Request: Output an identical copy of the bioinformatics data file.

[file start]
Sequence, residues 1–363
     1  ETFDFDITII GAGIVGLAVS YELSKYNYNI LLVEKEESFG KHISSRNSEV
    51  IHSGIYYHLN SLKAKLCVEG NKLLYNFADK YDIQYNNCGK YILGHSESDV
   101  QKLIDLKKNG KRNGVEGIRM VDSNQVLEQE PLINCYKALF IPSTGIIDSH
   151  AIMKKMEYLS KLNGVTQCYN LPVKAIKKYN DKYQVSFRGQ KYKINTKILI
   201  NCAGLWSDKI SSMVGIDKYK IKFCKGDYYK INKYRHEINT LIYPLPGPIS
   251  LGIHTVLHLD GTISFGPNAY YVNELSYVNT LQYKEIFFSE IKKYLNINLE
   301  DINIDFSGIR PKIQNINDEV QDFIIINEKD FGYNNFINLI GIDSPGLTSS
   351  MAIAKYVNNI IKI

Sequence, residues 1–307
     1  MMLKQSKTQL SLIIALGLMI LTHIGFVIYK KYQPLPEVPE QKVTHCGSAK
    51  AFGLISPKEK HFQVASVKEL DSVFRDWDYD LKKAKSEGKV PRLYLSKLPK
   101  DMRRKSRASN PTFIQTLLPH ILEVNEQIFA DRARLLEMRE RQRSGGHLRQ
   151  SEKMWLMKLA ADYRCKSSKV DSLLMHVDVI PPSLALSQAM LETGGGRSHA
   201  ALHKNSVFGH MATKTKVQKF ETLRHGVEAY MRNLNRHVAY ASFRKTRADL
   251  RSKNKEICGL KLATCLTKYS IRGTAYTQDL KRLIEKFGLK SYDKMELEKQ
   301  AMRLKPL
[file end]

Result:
Sequence, residues 1–363
     1  ETFDFDITII GAGIVGLAVS YELSKYNYNI LLVEKEESFG KHISSRNSEV
    51  IHSGIYYHLN SLKAKLCVEG NKLLYNFADK YDIQYNNCGK YILGHSESDV
   101  QKLIDLKKNG KRNGVEGIRM VDSNQVLEQE PLINCYKALF IPSTGIIDSH
   151  AIMKKMEYLS KLNGVTQCYN LPVKAIKKYN DKYQVSFRGQ KYKINTKILI
   201  NCAGLWSDKI SSMVGIDKYK IKFCKGDYYK INKYRHEINT LIYPLPGPIS
   251  LGIHTVLHLD GTISFGPNAY YVNELSYVNT LQYKEIFFSE IKKYLNINLE
   301  DINIDFSGIR PKIQNINDEV QDFIIINEKD FGYNNFINLI GIDSPGLTSS
   351  MAIAKYVNNI IKI

Sequence, residues 1–307
     1  MMLKQSKTQL SLIIALGLMI LTHIGFVIYK KYQPLPEVPE QKVTHCGSAK
    51  AFGLISPKEK HFQVASVKEL DSVFRDWDYD LKKAKSEGKV PRLYLSKLPK
   101  DMRRKSRASN PTFIQTLLPH ILEVNEQIFA DRARLLEMRE RQRSGGHLRQ
   151  SEKMWLMKLA ADYRCKSSKV DSLLMHVDVI PPSLALSQAM LETGGGRSHA
   201  ALHKNSVFGH MATKTKVQKF ETLRHGVEAY MRNLNRHVAY ASFRKTRADL
   251  RSKNKEICGL KLATCLTKYS IRGTAYTQDL KRLIEKFGLK SYDKMELEKQ
   301  AMRLKPL